5. How is re-processing of old data supported? (Useful for testing applications against old data, generating historical metric information when a new metric is developed, or simply reprocessing data where the results have been affected by a bug). The choices include stream only replay, the maintenance of separate batch and streaming systems, or developing stream processing systems that can also run in a batch environment.

Here’s how Facebook’s systems (and a few selected external systems) stack up against these criteria:

(click on image for larger view)

The authors highlight five important qualities we want from a streaming system: ease of use, performance, fault-tolerance, scalability, and correctness. The design decisions also have an impact on these qualities, as indicated by the following table:

(click on image for larger view)

Here’s how each of these design decisions have been handled within Facebook’s overall real-time streaming platform.

Language paradigm

In our environment at Facebook, there is no single language that fits all use cases. Needing different languages (and the different levels of ease of use and performance they provide) is the main reason why we have three different stream processing systems.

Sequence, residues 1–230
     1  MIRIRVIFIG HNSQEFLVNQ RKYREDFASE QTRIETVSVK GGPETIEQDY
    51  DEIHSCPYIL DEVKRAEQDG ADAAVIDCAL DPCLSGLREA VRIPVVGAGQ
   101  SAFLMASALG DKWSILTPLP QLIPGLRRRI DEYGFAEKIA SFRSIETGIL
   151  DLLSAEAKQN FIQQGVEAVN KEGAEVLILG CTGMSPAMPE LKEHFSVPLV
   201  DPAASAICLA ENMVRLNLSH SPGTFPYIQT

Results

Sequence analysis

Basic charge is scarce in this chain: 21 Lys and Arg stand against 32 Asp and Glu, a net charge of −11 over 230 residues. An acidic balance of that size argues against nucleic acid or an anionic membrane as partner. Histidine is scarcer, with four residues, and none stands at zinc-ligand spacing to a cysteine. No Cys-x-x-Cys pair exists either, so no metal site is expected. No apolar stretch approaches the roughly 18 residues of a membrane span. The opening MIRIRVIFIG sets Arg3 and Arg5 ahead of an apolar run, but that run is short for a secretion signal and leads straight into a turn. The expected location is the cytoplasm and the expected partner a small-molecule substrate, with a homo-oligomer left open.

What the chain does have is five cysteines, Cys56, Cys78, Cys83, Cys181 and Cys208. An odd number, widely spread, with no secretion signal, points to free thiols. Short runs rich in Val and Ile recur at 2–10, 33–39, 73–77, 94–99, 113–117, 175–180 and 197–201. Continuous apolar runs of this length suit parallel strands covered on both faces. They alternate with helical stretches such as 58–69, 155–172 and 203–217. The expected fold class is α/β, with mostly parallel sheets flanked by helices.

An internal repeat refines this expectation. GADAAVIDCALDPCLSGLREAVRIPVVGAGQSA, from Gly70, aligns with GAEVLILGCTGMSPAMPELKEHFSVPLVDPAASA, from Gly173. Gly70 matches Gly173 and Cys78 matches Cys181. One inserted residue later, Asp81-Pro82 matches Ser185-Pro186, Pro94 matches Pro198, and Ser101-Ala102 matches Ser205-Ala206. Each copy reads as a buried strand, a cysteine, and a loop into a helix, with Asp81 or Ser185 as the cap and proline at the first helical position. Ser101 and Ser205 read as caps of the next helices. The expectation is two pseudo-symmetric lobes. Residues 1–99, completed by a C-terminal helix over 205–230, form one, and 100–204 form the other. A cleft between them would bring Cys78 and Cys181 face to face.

As an example, a Puma app can be written and tested in under an hour, and Swift applications are easy to prototype and are useful for low-throughput stream processing apps. Currently Facebook don’t have anything supporting the functional paradigm, “although we are exploring Spark Streaming.”

Data transfer mechanism

Scribe is used for all data transfer. This imposes a minimum latency of about one second per stream. Scribe also requires a persistent backing store which it writes to asynchronously. Realising that this is acceptable for Facebook’s use cases gives other benefits in terms of fault-tolerance, ease-of-use, scalability, and performance (see §4.2.2 for more details).

Given the advantages above, Scribe has worked well as the data transfer mechanism at Facebook. Kafka or another persistent store would have similar advantages. We use Scribe because we develop it at Facebook.

Processing semantics

In Facebook’s environment, different applications often have different state and output semantics requirements.

Embracing these differences enables efficiency gains for applications that don’t need the stronger guarantees. Common desired combinations of output and state semantics are shown below:

Stylus provides all of these. For at-most-once output semantics, it is possible to avoid buffering events before generating output and saving a checkpoint, if the processor can do side-effect-free processing.